Germany’s federal election campaign and the danger of global nuclear war
9 September 2017
The media and political parties have long sought to keep the issues of war and militarism out of Germany’s federal election campaign. But reality is now catching up with them. US imperialism’s aggressiveness towards North Korea, Russia and China, and the Pyongyang regime’s testing of a nuclear weapon have brought the world to the brink of a nuclear war, which calls into question the very survival of humanity. A danger which the Sozialistische Gleichheitspartei (SGP) and International Committee of the Fourth International has been warning of for some time is now being openly discussed.
On Wednesday, UN Secretary General Antonio Guterres drew parallels to the situation in 1914 and declared, “If you look at the history of the First World War, it was on a step-by-step basis, one party doing one thing, the other party doing another, and then an escalation taking place.”
In an article headlined “The firebrands,” the Süddeutsche Zeitung posed the troubling question, “Who knows whether in such a situation, things will happen in the end that at the outset nobody wanted. It is no coincidence that the sleepwalkers, who led Europe into the First World War in the summer of 1914, are being discussed once again.”
The last session of Germany’s parliament (Bundestag) prior to the election was overshadowed by the danger of nuclear war. Even before Chancellor Angela Merkel (Christian Democrats, CDU) opened the session with a speech, deputy leader of the Social Democrat (SPD) parliamentary group on foreign and defence affairs, Rolf Mützenich, stated, “A nuclear shadow once again lies over the world—from North Korea, but also due to a careless, ranting US president, who is expanding the nuclear shadow. Mrs. Chancellor, I think you would deserve all honours if you sharply contradict such an American president in your remaining period in office.”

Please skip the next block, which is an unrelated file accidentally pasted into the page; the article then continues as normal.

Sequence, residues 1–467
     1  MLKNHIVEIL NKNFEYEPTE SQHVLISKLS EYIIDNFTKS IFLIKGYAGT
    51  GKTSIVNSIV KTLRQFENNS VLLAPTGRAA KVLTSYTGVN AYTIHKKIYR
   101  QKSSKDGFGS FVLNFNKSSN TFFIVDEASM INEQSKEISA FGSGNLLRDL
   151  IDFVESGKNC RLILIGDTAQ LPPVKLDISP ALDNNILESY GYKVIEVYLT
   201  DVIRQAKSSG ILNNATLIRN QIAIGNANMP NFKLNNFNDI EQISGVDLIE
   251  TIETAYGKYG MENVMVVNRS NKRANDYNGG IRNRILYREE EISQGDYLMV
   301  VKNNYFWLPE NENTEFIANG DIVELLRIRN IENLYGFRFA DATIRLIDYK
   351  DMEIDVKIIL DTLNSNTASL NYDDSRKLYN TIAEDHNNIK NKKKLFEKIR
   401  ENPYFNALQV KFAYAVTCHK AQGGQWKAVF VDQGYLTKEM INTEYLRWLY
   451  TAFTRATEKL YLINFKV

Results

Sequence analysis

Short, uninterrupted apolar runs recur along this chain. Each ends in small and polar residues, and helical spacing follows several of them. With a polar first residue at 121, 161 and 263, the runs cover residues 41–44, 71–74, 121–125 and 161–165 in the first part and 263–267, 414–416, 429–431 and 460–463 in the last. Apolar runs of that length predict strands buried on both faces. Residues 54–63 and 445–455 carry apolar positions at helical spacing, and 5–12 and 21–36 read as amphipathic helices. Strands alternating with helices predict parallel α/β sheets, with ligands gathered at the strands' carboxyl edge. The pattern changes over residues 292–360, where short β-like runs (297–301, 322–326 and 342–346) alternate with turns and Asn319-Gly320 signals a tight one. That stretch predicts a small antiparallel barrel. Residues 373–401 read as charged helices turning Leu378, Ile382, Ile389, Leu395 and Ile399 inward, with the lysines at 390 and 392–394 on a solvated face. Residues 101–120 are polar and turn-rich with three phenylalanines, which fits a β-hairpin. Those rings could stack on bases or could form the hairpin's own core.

SPD Foreign Minister Sigmar Gabriel warned in his speech of “a phase in which we not only talk about conventional rearmament, but about a return to the darkest hours of the Cold War.” Globally, “all the talk is about rearmament … In China, India, Latin America, the US, Russia, Europe, Africa, everywhere we are talking about rearmament, nothing else is being discussed anywhere.”
“The political symbol, the political action that must come from Germany cannot be that we will join in with this arms race,” proclaimed the foreign minister. “Germany’s signal, regardless of who has governed this country, has always been that Germany wants to be a voice for peace and a power for peace in the world and will not participate in rearmament.” Gabriel described NATO’s decision that member states should spend 2 percent of their GDP on defence as an “error”—“Even though Social Democrats supported this compromise at the time.”
In November 1933, Leon Trotsky wrote the article “The pacifist Hitler.” He described how even Hitler pledged himself to “peace” and “international understanding” at the beginning of Nazi rule. The Third Reich, Trotsky noted, was at the end of 1933 still too weak “to be able in the next period to speak any other language than that of pacifism.” However, in the course of a few years, after it had rearmed, it would transition from “‘my peace’ to ‘my struggle’ and even to ‘my war’.”
Gabriel required less than five minutes in the Bundestag to transition from the phrases about peace and disarmament to call for the build-up of Germany’s armed forces. “Of course we must improve the armed forces’ armaments, because, by the way, cuts have been made to the armed forces for 12 years,” raged the Social Democrat. Gabriel identified the right-wing Christian Social Union (CSU) politician Karl Theodor zu Guttenberg, who was defence minister from 2009 to 2011 and is currently attempting a political comeback, as the individual chiefly responsible for this.
The direction of Gabriel’s criticism of the NATO 2 percent target is clear. Germany is rearming and preparing, along with the other great powers, for war, but on its own terms.
The “main issue at stake must not be how much we spend, but rather the issue is what we spend it on,” Gabriel declared to the deputies. What is at stake is “the right strategy.” And he has been told by “every soldier who returns from a foreign deployment”: “Yes, we need the military. But dear Mr. Gabriel, don’t believe that simply through more defence and military spending you can secure peace and stability, and combat the movement of refugees. You have to fight hunger, poverty, hopelessness and the lack of a future. You have to do that.”